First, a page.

The state Public Utilities Commission illegally sidestepped California law when it set rules allowing dirtier grades of natural gas into the state without reviewing evidence that the change would worsen air pollution, air quality officials said in a pair of lawsuits filed Tuesday.
The utilities commission “acted arbitrarily and capriciously and abused its discretion” in setting new guidelines for natural gas quality, bypassing the California Environmental Quality Act, the South Coast Air Quality Management District said in regulatory filings.
“At a time when we are searching for every possible means to further reduce air pollution, we cannot afford a setback that will significantly increase emissions and subject residents to worsened air quality,” Barry Wallerstein, executive officer of the air board, said after the suits were filed with the California appeals court and the state Supreme Court.
A similar court challenge was filed days after the commission’s ruling by Ratepayers for Affordable Clean Energy, a coalition of environmental groups. In addition, the coalition, the air board and the city of San Diego have asked the commission to reconsider the action, a request that is set for review in March.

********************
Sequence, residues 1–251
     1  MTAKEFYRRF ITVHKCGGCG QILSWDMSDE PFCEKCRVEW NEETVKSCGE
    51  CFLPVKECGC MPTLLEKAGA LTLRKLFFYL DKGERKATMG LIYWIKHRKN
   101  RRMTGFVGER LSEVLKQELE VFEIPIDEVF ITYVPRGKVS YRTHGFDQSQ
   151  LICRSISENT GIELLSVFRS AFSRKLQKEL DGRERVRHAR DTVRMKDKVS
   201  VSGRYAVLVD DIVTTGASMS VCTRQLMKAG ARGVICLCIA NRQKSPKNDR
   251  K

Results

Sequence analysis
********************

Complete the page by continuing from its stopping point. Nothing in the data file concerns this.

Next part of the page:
Commission spokeswoman Terrie Prosper said regulators could not comment on the suits because the issue was still pending at the agency. She said the commission would seek an abeyance at the courts until after the March review.
The dispute concerns so-called hot gas, a type of natural gas that is chemically different and burns at higher temperatures than the gas that commonly flows through California pipelines, fueling power plants and millions of gas stoves, water heaters and other appliances.
Relatively small amounts of hot gas are produced and used in California, but those flows are either treated or blended with other grades to bring the characteristics in line with traditional supplies. The September ruling, the commission has said, was aimed at easing the way for a stream of foreign natural gas that would be imported through liquefied natural gas plants under construction or proposed to serve California.
The commission’s ruling on gas quality is of particular benefit to San Diego-based Sempra Energy Co., the leading partner in a liquefied natural gas plant under construction in Baja California and parent of Southern California Gas Co. and San Diego Gas & Electric Co. Under the new rules, that plant could send hotter imported natural gas into the U.S. without taking steps to make the inflow mimic California’s traditional supplies.
In urging passage of his proposal, commission President Michael R. Peevey noted that the environmental review was “vigorously debated,” but, he said, “our legal division has concluded that narrowing natural gas quality specifications is not a ‘project’ ... therefore, detailed environmental review is not required.”